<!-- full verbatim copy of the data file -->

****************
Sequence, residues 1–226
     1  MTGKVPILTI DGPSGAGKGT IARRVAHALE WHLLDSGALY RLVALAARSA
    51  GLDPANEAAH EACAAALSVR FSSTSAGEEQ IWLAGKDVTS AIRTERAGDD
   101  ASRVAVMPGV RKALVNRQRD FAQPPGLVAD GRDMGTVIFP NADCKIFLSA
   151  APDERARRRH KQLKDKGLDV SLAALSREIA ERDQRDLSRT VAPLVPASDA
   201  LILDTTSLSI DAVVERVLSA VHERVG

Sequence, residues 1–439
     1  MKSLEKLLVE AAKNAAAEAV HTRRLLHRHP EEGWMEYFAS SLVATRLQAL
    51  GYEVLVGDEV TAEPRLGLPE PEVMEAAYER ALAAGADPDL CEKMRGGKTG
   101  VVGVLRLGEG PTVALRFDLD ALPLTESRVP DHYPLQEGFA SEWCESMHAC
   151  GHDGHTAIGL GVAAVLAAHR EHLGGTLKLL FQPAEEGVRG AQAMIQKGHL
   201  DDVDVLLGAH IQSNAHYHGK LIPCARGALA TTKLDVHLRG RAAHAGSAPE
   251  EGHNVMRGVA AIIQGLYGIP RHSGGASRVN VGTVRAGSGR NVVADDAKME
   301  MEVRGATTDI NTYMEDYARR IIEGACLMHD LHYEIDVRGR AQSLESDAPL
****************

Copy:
Sequence, residues 1–226
     1  MTGKVPILTI DGPSGAGKGT IARRVAHALE WHLLDSGALY RLVALAARSA
    51  GLDPANEAAH EACAAALSVR FSSTSAGEEQ IWLAGKDVTS AIRTERAGDD
   101  ASRVAVMPGV RKALVNRQRD FAQPPGLVAD GRDMGTVIFP NADCKIFLSA
   151  APDERARRRH KQLKDKGLDV SLAALSREIA ERDQRDLSRT VAPLVPASDA
   201  LILDTTSLSI DAVVERVLSA VHERVG

Sequence, residues 1–439
     1  MKSLEKLLVE AAKNAAAEAV HTRRLLHRHP EEGWMEYFAS SLVATRLQAL
    51  GYEVLVGDEV TAEPRLGLPE PEVMEAAYER ALAAGADPDL CEKMRGGKTG
   101  VVGVLRLGEG PTVALRFDLD ALPLTESRVP DHYPLQEGFA SEWCESMHAC
   151  GHDGHTAIGL GVAAVLAAHR EHLGGTLKLL FQPAEEGVRG AQAMIQKGHL
   201  DDVDVLLGAH IQSNAHYHGK LIPCARGALA TTKLDVHLRG RAAHAGSAPE
   251  EGHNVMRGVA AIIQGLYGIP RHSGGASRVN VGTVRAGSGR NVVADDAKME
   301  MEVRGATTDI NTYMEDYARR IIEGACLMHD LHYEIDVRGR AQSLESDAPL